Why Democrats win purple states


When Bernie Sanders surprised no one by failing to secure the Democratic presidential nomination in 2016, for some of us the writing was on the wall. Not only was Donald Trump going to beat Hillary Clinton — he was almost certainly going to win most of the so-called “purple” states — Ohio, Florida, Pennsylvania, and even Michigan, where the most reliable predictor for November is the United Automobile Workers’ endorsement in the Democratic primary. The union sat out the race in 2016, and Sanders beat Clinton. While exact figures are not available, it is certain that a huge number of those who voted for Sanders in the primary must have swung in November to Trump.

No one, however, least of all Republicans, has expected Trump’s victory to translate into other significant national-level gains for the GOP in Michigan, a state that has not elected a Republican senator to two terms in the post-war era. John James, a distinguished veteran of the Iraq War and businessman, captured the GOP Senate nomination with ease, thanks in part to an endorsement by Trump. But Republican primary voters are not representative of the Michigan electorate. James is polling behind the incumbent Democratic Sen. Debbie Stabenow by an 18-point margin. Forty percent of voters in Michigan (where I live) have never even heard of him.

Why do Democrats win statewide office in Michigan? Part of the reason is that Michigan Democrats sound like throwbacks. In her television spots, Gretchen Whitmer, the former state Senate minority leader who is now running for governor, talks about getting tough on crime. In a recent ad, Stabenow appears on camera with a group of farmers, including one self-identified Republican. These men do not seem especially concerned with her views on Planned Parenthood or the provision of restroom services to gender nonconforming individuals. Instead they praise Stabenow for her championing of their interests in Washington, where she was the chairman of the Senate Agriculture Committee from 2011 until 2015. Her environmental record — including her opposition to mandatory GMO labeling — is appalling to national progressive outfits. But she wins.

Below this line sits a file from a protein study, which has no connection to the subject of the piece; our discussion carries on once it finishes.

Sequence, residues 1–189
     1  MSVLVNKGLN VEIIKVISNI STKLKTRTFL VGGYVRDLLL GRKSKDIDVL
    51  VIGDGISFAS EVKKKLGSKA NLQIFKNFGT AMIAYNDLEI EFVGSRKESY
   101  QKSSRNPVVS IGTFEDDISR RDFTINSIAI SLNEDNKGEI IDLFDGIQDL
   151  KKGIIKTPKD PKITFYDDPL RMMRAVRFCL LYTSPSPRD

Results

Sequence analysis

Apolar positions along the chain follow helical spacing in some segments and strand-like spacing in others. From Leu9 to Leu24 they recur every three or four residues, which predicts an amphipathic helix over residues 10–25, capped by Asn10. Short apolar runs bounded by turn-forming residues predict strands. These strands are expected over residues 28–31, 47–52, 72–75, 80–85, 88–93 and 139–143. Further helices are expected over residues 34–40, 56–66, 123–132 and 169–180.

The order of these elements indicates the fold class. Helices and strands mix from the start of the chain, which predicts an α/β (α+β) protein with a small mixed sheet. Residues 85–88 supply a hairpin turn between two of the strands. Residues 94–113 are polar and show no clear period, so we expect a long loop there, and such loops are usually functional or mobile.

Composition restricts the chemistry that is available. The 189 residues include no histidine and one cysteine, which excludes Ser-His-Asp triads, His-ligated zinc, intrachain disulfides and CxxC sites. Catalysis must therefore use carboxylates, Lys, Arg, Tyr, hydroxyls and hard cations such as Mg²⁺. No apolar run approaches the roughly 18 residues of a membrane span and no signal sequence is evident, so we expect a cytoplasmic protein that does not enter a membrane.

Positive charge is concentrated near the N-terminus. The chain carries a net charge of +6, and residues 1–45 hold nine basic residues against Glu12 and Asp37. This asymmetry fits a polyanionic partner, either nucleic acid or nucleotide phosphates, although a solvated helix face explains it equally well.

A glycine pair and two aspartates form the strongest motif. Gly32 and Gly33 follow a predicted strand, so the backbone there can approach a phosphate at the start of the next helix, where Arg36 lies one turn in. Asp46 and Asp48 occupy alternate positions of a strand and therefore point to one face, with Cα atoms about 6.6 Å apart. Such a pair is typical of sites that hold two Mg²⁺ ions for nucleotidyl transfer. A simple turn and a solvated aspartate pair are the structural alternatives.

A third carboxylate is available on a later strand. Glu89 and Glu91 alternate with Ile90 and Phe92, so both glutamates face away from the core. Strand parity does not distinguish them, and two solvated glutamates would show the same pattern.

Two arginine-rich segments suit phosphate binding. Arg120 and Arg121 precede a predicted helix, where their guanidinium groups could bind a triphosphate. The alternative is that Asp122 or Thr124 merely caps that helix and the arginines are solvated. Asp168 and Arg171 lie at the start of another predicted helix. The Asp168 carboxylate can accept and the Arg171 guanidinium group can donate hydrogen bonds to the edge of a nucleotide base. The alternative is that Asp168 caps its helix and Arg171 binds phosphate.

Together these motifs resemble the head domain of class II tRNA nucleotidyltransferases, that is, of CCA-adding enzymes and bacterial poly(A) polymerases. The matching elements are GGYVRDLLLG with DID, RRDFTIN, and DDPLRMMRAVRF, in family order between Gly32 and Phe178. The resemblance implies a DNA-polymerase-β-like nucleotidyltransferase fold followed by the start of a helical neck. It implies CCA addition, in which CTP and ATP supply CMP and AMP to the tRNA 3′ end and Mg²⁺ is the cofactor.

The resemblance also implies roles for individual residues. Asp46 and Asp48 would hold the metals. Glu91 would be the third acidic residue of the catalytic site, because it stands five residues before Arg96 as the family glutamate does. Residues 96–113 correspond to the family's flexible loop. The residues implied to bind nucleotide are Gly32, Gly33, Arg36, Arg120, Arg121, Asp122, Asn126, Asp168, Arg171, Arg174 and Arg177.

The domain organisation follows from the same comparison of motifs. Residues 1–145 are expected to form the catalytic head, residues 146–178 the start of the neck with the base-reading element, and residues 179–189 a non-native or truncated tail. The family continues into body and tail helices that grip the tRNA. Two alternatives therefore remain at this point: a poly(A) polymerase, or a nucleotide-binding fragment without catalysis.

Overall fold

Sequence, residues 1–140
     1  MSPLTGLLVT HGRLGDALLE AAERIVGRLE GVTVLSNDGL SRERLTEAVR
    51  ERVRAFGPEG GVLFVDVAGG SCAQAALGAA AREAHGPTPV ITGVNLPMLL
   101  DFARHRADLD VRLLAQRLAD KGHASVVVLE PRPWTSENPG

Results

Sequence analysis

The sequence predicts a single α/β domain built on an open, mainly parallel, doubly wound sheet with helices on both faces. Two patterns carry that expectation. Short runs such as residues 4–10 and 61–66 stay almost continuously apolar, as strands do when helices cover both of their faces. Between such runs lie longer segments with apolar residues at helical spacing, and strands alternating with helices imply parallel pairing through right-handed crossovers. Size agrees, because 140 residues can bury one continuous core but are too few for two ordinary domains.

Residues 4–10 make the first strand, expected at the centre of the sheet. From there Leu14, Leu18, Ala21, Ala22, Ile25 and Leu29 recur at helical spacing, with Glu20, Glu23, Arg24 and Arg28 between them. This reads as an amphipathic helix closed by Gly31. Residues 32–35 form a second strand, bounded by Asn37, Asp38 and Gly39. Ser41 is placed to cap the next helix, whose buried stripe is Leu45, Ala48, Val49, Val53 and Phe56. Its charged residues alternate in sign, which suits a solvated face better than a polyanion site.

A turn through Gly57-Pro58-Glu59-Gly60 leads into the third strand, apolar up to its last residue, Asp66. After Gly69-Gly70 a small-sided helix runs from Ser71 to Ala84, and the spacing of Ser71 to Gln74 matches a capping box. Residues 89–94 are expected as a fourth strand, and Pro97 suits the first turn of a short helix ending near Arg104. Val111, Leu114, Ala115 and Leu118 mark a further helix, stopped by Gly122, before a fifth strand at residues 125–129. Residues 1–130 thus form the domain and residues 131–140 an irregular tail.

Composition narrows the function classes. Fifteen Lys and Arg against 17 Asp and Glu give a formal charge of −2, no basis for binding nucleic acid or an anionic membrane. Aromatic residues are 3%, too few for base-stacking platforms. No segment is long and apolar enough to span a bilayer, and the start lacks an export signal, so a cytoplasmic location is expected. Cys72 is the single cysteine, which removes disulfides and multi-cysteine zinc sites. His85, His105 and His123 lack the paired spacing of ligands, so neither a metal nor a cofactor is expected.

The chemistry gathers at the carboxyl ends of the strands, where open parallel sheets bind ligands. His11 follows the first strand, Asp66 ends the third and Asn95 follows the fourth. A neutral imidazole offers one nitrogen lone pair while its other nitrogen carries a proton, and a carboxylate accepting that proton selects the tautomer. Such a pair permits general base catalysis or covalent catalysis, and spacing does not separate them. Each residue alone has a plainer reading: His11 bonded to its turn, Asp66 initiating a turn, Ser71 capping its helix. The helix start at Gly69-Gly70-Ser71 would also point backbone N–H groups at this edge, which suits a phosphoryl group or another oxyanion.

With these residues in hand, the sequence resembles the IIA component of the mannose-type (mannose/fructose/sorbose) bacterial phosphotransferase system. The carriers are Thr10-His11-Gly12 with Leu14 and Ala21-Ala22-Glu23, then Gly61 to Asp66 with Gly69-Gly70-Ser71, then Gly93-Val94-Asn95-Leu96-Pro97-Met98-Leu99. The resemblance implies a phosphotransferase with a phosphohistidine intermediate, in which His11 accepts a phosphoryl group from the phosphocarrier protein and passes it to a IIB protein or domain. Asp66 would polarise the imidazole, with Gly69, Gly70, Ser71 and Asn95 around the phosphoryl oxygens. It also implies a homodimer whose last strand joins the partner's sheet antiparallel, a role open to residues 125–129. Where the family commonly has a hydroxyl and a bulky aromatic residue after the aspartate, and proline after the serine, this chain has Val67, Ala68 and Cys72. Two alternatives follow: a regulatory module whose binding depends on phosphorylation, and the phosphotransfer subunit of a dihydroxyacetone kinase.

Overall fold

While it is true that in Michigan bread-and-butter issues — jobs, the condition of roads, the quality of schools — dominate political discourse, there are social issues that divide voters. The most significant of these is not abortion (which is not widely available outside of urban areas) or same-sex marriage (which was outlawed in 2004 after a statewide ballot initiative, before being legalized nationwide by the Supreme Court in 2015), but race.

This has been true for more than half a century. In 1960, Genesee and Wayne had the highest GDP per capita of any counties in the United States — indeed, the highest in the world. But this prosperity was only possible because it deliberately excluded the large African-American populations of Flint and Detroit. The myth of a golden age of prosperity for factory workers and skilled tradesmen to which both Trump and Sanders alluded is the most powerful …read more

Source:: The Week – Politics

      

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